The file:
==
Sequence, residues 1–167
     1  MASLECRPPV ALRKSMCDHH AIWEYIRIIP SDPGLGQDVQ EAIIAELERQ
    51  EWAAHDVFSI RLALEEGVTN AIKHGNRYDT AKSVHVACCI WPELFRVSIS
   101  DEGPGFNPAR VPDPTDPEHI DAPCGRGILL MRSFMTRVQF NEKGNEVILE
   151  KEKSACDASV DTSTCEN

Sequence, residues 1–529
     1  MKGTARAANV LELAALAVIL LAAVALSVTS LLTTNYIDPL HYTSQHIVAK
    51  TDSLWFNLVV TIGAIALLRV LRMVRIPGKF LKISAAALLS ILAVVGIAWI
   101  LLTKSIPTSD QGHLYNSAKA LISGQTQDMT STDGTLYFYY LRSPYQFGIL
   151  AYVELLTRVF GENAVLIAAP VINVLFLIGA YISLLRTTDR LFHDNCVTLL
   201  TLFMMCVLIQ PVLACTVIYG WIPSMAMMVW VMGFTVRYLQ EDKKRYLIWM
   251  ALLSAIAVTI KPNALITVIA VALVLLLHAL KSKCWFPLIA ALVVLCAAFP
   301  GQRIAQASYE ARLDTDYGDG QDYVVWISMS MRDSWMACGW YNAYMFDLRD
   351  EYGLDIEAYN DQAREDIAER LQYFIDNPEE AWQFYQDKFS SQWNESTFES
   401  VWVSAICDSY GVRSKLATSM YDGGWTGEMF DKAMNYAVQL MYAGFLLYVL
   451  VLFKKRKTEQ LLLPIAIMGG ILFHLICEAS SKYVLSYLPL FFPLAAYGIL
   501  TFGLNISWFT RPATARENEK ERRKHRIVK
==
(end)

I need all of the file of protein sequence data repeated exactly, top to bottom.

Sequence, residues 1–167
     1  MASLECRPPV ALRKSMCDHH AIWEYIRIIP SDPGLGQDVQ EAIIAELERQ
    51  EWAAHDVFSI RLALEEGVTN AIKHGNRYDT AKSVHVACCI WPELFRVSIS
   101  DEGPGFNPAR VPDPTDPEHI DAPCGRGILL MRSFMTRVQF NEKGNEVILE
   151  KEKSACDASV DTSTCEN

Sequence, residues 1–529
     1  MKGTARAANV LELAALAVIL LAAVALSVTS LLTTNYIDPL HYTSQHIVAK
    51  TDSLWFNLVV TIGAIALLRV LRMVRIPGKF LKISAAALLS ILAVVGIAWI
   101  LLTKSIPTSD QGHLYNSAKA LISGQTQDMT STDGTLYFYY LRSPYQFGIL
   151  AYVELLTRVF GENAVLIAAP VINVLFLIGA YISLLRTTDR LFHDNCVTLL
   201  TLFMMCVLIQ PVLACTVIYG WIPSMAMMVW VMGFTVRYLQ EDKKRYLIWM
   251  ALLSAIAVTI KPNALITVIA VALVLLLHAL KSKCWFPLIA ALVVLCAAFP
   301  GQRIAQASYE ARLDTDYGDG QDYVVWISMS MRDSWMACGW YNAYMFDLRD
   351  EYGLDIEAYN DQAREDIAER LQYFIDNPEE AWQFYQDKFS SQWNESTFES
   401  VWVSAICDSY GVRSKLATSM YDGGWTGEMF DKAMNYAVQL MYAGFLLYVL
   451  VLFKKRKTEQ LLLPIAIMGG ILFHLICEAS SKYVLSYLPL FFPLAAYGIL
   501  TFGLNISWFT RPATARENEK ERRKHRIVK